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I have a bit of sympathy for the handlers, who for many years have had their prices screwed down by the airlines. This is partly due to too many handlers chasing each available contract. When I started in the industry more than 35 years ago, nearly all the handlers were airline owned. In the 90s, nearly all airlines sold off their handling operations to specialists, and this resulted in the driving down of Ts and Cs and prices. Margins for nearly all contracts were wafer thin. I am surprised the major handlers have survived even a couple of weeks of this shutdown.
I remember going to a meeting with the then BAA in the mid 90s, when they were proposing to have just 1 handler for each of the then 4 terminals. This got overridden by competition rules, and consequently the market opened up to everyone, with an oversupply of handlers.
I can foresee the handlers being allowed to fail, and ground handling being provided by the airport owners until such time as things get back to something like normal.
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Old 31st Mar 2020, 12:56
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Sometimes they reap what they sow however. They have driven down costs and conditions so far, there is as a result a huge staff turnover and poor morale. After this, they’re going to struggle to get the manpower back as quickly as others.
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Old 31st Mar 2020, 13:29
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I've been balled out a few times in the past when I have stated that even the mighty can fall such as the likes of EZY and RYR.

Oh no they can't screeched the posters - Impossible they said....I still politely begged to differ.

Now we see all we need is a 3 month full-on crisis (3 months at the moment) and the airlines are sadly in meltdown, some perhaps never to recover this decade.
Cash Flow is king - that's the way the business cookie crumbles.

Awful times for now for any business - big or small.
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Old 31st Mar 2020, 17:49
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In 2008, most of the big banks were bailed out. Might it have been better to have let them fail and give the money to the people? That is what is now happening as there has been ten years to think about that response.

Of course CV19 is unprecedented and, as I might have said last week in another thread: Every company and politician is grabbing their Book of Rules. Unfortunately, all the Books are soooo Last Century ...

None of the current crop of CEOs or Politicians remember their history. The Flu Pandemic of 1919/20 killed more than WW1. The Great Depression was caused by "irrational financial exhuberance". For the only certainty is the cycle will keep on revolving. In another hundred years? They'll make the same mistakes.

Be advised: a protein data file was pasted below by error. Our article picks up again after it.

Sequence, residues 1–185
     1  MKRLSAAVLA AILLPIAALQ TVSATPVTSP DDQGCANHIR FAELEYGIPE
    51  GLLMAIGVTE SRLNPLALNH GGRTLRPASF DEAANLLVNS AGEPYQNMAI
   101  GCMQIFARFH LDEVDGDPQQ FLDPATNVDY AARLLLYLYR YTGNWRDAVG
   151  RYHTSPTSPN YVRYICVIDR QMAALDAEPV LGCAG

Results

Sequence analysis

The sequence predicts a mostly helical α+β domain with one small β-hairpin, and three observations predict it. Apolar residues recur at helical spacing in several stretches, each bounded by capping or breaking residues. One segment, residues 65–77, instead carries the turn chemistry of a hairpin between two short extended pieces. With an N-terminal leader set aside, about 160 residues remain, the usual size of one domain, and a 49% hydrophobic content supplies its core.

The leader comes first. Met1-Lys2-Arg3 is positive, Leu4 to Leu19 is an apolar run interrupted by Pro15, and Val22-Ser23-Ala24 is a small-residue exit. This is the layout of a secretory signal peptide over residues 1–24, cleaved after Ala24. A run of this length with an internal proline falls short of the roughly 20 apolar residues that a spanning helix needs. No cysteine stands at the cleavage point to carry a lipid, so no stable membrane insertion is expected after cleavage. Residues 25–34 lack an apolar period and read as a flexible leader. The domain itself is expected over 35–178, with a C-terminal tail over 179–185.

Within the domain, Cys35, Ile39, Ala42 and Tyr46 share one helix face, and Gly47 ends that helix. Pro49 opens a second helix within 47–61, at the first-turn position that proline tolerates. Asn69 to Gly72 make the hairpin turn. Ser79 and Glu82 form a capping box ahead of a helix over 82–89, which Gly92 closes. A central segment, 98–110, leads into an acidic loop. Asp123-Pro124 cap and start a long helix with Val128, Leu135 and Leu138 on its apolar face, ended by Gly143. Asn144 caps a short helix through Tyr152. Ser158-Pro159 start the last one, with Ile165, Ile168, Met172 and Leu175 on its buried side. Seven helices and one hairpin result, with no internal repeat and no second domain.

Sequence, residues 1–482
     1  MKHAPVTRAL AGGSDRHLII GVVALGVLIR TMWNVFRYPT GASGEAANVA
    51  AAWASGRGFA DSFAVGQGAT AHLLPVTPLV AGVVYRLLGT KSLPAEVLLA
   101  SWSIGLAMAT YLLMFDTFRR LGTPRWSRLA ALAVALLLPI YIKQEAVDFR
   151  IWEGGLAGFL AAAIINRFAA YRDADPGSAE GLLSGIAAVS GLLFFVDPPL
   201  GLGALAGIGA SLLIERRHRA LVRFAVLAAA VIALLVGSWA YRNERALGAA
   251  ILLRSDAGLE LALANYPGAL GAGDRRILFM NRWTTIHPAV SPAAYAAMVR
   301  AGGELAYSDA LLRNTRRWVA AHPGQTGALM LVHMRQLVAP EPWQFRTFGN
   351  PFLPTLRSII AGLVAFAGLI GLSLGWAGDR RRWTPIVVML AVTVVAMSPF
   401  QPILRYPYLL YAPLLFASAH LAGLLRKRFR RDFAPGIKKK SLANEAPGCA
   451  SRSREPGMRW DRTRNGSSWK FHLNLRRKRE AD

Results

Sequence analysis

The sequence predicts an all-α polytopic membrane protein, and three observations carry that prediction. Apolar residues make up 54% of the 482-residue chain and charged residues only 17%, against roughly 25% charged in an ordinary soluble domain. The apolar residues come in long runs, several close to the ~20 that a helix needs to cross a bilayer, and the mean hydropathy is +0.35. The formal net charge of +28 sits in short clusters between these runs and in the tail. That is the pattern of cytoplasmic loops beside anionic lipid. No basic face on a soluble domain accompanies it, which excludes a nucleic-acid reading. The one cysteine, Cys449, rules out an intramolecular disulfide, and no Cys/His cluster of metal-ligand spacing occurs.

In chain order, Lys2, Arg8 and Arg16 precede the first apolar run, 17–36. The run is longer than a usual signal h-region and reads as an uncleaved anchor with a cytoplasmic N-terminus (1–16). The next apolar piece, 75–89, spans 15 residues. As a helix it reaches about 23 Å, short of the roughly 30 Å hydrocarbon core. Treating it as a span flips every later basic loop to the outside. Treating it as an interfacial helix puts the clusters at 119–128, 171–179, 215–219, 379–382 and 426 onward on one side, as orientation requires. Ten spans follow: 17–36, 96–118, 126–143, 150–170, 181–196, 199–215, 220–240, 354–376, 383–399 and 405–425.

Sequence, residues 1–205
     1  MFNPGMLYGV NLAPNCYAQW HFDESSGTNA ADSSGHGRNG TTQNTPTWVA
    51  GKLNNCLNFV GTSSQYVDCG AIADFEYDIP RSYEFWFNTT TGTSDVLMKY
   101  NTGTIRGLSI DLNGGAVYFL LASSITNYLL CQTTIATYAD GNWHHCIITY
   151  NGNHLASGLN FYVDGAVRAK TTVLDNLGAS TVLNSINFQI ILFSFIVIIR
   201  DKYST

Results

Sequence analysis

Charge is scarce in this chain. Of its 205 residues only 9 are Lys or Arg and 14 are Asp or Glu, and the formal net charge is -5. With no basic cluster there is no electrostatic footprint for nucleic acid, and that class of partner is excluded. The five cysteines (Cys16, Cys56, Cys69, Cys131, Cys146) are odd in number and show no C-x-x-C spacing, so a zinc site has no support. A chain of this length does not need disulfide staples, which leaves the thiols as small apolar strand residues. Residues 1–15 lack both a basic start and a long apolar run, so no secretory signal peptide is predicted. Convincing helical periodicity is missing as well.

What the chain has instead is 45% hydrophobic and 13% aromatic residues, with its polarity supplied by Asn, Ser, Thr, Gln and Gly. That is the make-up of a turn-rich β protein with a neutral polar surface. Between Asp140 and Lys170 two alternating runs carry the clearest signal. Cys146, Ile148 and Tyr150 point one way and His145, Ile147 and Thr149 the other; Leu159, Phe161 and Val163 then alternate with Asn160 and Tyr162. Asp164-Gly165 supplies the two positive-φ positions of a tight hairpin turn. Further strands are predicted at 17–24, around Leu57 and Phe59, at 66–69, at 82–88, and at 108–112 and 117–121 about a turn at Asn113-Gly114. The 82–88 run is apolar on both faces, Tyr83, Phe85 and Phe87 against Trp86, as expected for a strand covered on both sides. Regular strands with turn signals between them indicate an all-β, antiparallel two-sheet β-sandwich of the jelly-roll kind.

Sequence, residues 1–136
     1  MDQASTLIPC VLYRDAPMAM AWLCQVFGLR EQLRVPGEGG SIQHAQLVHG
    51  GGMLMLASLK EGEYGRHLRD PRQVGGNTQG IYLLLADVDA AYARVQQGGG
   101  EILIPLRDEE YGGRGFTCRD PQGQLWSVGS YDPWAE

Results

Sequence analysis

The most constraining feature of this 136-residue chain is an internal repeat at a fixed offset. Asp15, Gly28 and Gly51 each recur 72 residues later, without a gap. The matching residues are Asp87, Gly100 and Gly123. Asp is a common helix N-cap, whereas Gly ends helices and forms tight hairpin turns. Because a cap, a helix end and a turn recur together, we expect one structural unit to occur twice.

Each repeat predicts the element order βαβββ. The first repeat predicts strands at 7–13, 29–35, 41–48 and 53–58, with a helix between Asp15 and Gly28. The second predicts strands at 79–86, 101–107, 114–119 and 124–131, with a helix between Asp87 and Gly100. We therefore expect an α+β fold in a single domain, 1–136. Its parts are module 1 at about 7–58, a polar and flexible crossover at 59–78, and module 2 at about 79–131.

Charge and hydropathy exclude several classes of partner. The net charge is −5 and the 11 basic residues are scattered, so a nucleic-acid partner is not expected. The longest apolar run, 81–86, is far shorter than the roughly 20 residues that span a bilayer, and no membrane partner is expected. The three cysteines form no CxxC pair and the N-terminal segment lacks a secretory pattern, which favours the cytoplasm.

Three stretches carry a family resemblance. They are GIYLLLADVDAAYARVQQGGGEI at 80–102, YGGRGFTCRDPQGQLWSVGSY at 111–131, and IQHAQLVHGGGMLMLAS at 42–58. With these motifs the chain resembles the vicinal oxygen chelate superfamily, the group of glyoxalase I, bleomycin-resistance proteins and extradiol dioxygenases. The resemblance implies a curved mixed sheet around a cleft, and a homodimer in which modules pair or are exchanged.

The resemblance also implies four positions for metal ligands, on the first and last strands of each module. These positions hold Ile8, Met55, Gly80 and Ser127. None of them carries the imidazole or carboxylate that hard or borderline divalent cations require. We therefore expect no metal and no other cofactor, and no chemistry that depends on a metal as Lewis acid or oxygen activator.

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Old 31st Mar 2020, 19:02
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Still staggered by how many aircraft are in the air, just looked at Flight radar 24 and approx 5,000 at 7.55 UK time. I know that does not seem many as per normal, but still too many. They are not all cargo flights either. Just have a look yourself at a global view and you can see the bee-hive the USA is ! There are other hot spots visible with so many on approach to airports.

Remember 911 when a visible attack happened in the US all aircraft were grounded almost immediately. Now we have an Invisible attacker which has the potential to kill far more people planes are being allowed to fly WHY ????

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Old 31st Mar 2020, 19:09
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Dublin is being used by Aer Lingus to bring PPE from China and in addition because of its pharma industry there is a significant amount of export of drugs going out plus repatriations occuring.

Not all aircraft are carrying passengers.
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Old 31st Mar 2020, 19:19
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Germany is open about testing 200,000 per DAY, as of last weekend UK had only tested 120,000 in total or twice that of Ireland.
Germany has 70,000 positive cases v UK 25,000, 682 deaths v 1,789.

Both Germany and Ireland are open about following the South Korea model in containment and testing, UK has changed policy a couple of times.